FedEx Cup an imperfect system


ATLANTA – I promise this isn’t going to be another one of those “Death to the FedEx Cup!” columns.

I’m just going to state some facts and let you come to your own conclusion.

Here’s one fact: Louis Oosthuizen has enjoyed a very nice PGA Tour season. He owns five top-10 results, including runner-up finishes at the Masters and Deutsche Bank Championship.

Here’s another: Despite that very nice season, Oosthuizen is still seeking his first victory.

Here’s one more: At sixth on the FedEx Cup points reset entering the Tour Championship, Oosthuizen still has a chance to claim the FedEx Cup and its $10 million first-place prize at week’s end.

And one final fact: Oosthuizen can claim the FedEx Cup by finishing in second place this week, effectively securing the championship without ever securing a championship.

So … come to any conclusion yet?

I have. My conclusion is that the FedEx Cup is an imperfect system.

Just don’t confuse it for being a flawed system.

“I was in that same position,” Jim Furyk said of his 2009 contention when asked about Oosthuizen’s precarious placement in the points scenario. “I hadn’t won a tournament and yet there was still a way I could win. … Is it an imperfect system? I’m not sure when you’re dealing with points and when you’re dealing with a system, per se, I’m not sure there is anything that’s perfect.”

Therein lies both the greatest and worst reason for debate. There is no perfect system.

The idea for an end-of-season finale obviously beats the alternative. In the year before the FedEx Cup started, the Tour Championship was contested in November, with Tiger Woods and Phil Mickelson electing to skip it due to prolonged apathy. These days, though, it’s the source of plenty of conjecture, even though there is no correct answer.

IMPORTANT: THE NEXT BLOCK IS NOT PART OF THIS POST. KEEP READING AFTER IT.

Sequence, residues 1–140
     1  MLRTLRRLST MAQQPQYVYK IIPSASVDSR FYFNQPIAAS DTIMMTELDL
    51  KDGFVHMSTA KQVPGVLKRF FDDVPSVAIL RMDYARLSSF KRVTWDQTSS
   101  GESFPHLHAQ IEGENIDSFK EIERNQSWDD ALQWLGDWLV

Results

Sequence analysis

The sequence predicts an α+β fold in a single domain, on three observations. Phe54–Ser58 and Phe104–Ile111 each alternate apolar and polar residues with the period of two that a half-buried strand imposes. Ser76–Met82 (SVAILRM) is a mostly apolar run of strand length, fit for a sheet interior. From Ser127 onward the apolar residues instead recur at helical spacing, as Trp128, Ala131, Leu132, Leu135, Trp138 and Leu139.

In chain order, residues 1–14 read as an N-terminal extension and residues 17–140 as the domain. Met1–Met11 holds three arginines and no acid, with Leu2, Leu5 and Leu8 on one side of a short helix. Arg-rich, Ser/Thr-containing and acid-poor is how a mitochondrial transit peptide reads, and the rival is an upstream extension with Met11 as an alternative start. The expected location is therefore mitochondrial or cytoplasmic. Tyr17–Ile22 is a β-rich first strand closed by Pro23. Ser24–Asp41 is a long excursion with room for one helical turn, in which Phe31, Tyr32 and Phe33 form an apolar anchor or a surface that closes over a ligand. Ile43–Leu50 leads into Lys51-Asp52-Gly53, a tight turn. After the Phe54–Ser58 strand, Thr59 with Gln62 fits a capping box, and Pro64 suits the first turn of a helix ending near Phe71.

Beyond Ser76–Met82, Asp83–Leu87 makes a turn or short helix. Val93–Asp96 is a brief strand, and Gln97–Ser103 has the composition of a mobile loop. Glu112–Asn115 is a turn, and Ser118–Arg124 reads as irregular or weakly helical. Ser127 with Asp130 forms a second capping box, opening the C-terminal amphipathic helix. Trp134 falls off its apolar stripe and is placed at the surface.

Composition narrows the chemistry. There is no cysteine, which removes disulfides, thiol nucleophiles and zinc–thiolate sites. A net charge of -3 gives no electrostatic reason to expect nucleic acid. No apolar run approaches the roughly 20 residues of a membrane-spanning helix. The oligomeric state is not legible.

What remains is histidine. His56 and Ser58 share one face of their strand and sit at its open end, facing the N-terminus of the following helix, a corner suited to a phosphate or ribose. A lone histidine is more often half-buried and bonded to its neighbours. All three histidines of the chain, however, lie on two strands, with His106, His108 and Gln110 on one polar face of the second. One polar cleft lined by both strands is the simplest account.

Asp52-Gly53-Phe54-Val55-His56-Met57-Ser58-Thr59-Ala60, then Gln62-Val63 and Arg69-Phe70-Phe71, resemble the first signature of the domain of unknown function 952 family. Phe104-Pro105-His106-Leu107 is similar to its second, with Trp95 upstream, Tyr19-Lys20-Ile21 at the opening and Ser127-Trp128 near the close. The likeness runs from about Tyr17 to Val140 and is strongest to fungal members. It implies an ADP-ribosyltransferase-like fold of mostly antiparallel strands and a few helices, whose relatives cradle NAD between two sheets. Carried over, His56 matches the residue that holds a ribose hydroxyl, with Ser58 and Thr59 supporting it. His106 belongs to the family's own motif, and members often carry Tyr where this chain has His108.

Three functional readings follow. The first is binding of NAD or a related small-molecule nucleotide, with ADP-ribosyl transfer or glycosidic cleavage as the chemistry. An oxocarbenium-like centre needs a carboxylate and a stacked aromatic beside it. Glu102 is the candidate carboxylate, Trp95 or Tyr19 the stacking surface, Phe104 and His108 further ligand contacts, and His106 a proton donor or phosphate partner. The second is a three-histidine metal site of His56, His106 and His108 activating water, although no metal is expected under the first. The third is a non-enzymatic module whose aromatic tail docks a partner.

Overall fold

One issue with the playoff series is just that – it’s both a playoff and a series, which are mutually exclusive. Public concern with the format often forms in the mentality. It is a season-long points race which doesn’t necessarily crown the best player of the entire season.

To wit: Last year, Bill Haas claimed the title by winning the Tour Championship from the 25th position on the list. Nothing wrong with that. To use an oft-worn Woods standby, “It is what it is.” Haas wasn’t the best player all year, nor was he even the best player all FedEx Cup, but he was the best player statistically when the points were totaled, which is evidently all that matters.

Hey, it beats 2008, when Vijay Singh won two FedEx Cup events and just had to remain upright at East Lake in order to claim the $10 million prize.

Since then, the format has been tweaked. Under the current points system, Rory McIlroy ’s two wins only puts him atop the reset, one of five players who will clinch the championship with a victory this week.

It raises the old NFL analogy. Back in 2007, the New England Patriots went 16-0 in the regular season, but got outscored in the Super Bowl and weren’t declared champion. Nobody claimed that was unfair, even within Foxborough city limits.

Using that same analogy, McIlroy’s wins at the last two FedEx Cup events is like a team breezing through its divisional playoff and conference championship games, only to falter in the Super Bowl. Once again, a very plausible predicament.

All of which leads to Oosthuizen, whose scenario underscores the imperfect in this imperfect system. While every competitor in this week’s field has a mathematical possibility to win the FedEx Cup, some are more possible than others. Scott Piercy, currently in 30th place, would require not just a win, but low finishes from the top players and the stars aligned perfectly.

In the case of Oosthuizen, though, a runner-up result must be backed only by a third-or-worse from Brandt Snedeker and Mickelson, fourth-or-worse from Nick Watney, fifth-or-worse from Woods and 10th-or-worse from McIlroy. A likely scenario? Maybe not, but certainly a very real possibility.

And that’s where things get weird. Under that NFL analogy, it’s like a team playing well but losing its divisional playoff and conference championship games before ultimately losing the Super Bowl, too – and still being rewarded with the Lombardi Trophy.

If it happens, the groundswell of outrage will reach an all-time high – not an easy task in the FedEx Cup era. And yet, it will only prove what we’ve already known: The system will always have some form of imperfection.

That doesn’t mean it’s flawed.

This year’s playoff series has undoubtedly been amongst the most successful, with McIlroy and Woods providing fireworks to keep the game relevant well into the post-major championship weeks. Anyone declaring, “Death to the FedEx Cup!” simply isn’t paying attention or they’re striving for perfection.

When it comes to the current format, perfection simply isn’t a valid option.